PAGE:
4 tips for surviving until payday without going into debt

With so may different things to pay for, managing your money until payday can be difficult.

Often, we end up going into debt without meaning to, or because we have no other options. There are many ways that your money can be eaten up throughout the month. Finding ways to make your money last can be the difference between you going overdrawn or needing to take out a loan to get through to the end of the month, and making it until payday with a little money left over.

Preparing for bills and expenses in advance and budgeting your money can give you peace of mind and mean that you aren’t hit with unexpected payments or overdraft and interest charges. Check out these tips below.

1. Create a budget

The first thing you’ll need to do to get your finances in check is to create a budget. Although this may sound daunting, it’s not that difficult and means that you’ll always know how much you have to spend and how many payments you have to account for. You don’t need to make a spreadsheet if you don’t know how to, a budget can be created on paper, just make sure that you look at your bank statements and write down the regular payments that come out of your account each month.

Look at bank statements over 3 or 6 months to get the best understanding of your outgoings, as some payments may not be taken monthly. It can also be a good idea to consider events or occasions that may require spending like birthdays, so that you can work these into your budget.

Once you know how you’re spending each month on household bills, food, vehicle running costs and anything else that you consider a regular expense, calculate the total of these and compare them against your income each month, if your income changes regularly. If you get paid the same every month, then budgeting your money will be a lot easier.

Work out how much you have leftover after you have paid your essentials and then you can budget this into certain categories such as “eating out, leisure, days out, clothing” and anything else you would consider more of a luxury than a household essential.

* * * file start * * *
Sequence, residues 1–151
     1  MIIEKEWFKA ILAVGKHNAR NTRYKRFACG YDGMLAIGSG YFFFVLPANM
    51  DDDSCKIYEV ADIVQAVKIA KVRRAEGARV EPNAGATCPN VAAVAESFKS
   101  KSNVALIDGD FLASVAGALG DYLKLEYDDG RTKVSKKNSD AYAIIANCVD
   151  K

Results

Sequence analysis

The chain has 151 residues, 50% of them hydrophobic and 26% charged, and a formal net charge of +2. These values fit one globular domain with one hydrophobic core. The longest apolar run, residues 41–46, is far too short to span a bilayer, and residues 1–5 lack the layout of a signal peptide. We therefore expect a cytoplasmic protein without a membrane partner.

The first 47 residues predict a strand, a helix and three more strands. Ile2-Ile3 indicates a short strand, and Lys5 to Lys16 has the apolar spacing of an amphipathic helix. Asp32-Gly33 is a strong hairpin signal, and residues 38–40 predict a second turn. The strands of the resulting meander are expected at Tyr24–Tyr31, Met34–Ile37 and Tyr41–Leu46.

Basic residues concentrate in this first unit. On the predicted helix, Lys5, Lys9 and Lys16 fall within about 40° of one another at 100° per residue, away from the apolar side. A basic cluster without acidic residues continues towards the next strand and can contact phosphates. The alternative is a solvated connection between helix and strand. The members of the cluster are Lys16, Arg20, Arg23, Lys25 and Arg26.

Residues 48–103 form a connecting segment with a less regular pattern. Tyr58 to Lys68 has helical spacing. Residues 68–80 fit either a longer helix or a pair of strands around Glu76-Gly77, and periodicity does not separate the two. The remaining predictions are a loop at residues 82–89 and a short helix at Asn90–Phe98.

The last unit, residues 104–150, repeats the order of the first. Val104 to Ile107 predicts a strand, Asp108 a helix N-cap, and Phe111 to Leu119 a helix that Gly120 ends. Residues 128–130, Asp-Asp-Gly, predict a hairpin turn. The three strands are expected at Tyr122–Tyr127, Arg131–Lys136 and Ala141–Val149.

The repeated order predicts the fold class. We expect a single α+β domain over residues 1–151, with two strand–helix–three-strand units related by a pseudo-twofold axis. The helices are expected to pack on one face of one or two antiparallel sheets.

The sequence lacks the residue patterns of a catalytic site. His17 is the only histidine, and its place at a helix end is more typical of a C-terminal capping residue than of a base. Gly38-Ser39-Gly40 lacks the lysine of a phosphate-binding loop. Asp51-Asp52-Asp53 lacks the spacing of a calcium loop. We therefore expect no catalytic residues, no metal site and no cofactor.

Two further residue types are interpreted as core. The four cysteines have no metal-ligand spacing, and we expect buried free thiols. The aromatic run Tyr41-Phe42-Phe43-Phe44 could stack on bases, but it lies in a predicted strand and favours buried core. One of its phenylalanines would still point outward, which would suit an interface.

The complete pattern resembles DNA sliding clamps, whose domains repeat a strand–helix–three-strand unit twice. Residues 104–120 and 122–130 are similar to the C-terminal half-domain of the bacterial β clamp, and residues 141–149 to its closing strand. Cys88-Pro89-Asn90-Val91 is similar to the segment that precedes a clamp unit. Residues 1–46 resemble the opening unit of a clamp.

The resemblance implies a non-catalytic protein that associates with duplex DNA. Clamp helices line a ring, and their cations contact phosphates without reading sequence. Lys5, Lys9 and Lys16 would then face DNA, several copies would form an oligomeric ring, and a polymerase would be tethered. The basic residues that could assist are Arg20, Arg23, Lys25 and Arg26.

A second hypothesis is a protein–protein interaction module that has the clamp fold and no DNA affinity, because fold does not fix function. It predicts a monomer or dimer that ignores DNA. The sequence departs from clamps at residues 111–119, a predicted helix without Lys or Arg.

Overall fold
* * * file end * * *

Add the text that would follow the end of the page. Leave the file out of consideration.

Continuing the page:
You can download a budget planner template here.

2. Be prepared to make cuts

Once you have created a monthly budget, you may be left feeling rather deflated. If your outgoings are much more than your income, then you’ll have to be prepared to make cuts. It can seem impossible to make cuts to your budget but most people can usually shave a fair chunk off of their outgoings with a little bit of effort.

First, you’ll need to look at your spendings and see whether any regular payments that leave your account are more of a luxury than a necessity. Most of us are guilty of signing up for something that we don’t need and then forgetting to cancel a subscription. If you are paying for a subscription that you no longer use or you’re willing to get rid of, then this can free up some cash in your budget.

Once you’ve identified luxuries that you spend on regularly and have removed these from your outgoing budget, you can focus on reducing the amount that you’re spending on necessities. Although you may not be in the position to move house and reduce your rent or mortgage payments, you may be able to reduce the amount you’re paying for your utilities.

Shop around and maybe even visit a comparison website and see if you can save any money on your phone/internet, TV package, gas & electric, or water bill.

3. Start using cash where possible

As we live in a world where paying with plastic is becoming commonplace, it can be difficult to know how much we’re spending until we look back at our statement. Cash can be a great budgeting tool that allows you to keep track of your spending more easily. Although you won’t be able to pay your direct debits in cash of course, you can for other things in your budget like food, fuel and days out. It’s usually best to withdraw a set amount of cash each month and divide it up in envelopes or pots for different things.

This will mean you know exactly how much you’ve spent on food and how much you have left to spend on food for the month. This can take a lot of complicated calculations out of the mix and make it simpler to keep track of what you’ve got, you may also be more likely to have some money left over at the end of the month by using this method.

4. Sell anything you don’t use

If you’re looking for some extra cash, it can be a good idea to have a clear out of your belongings. Most of us have got things that we no longer need cluttering our homes that can be sold. Consider selling these online or at a car boot sale to boost your income for the month.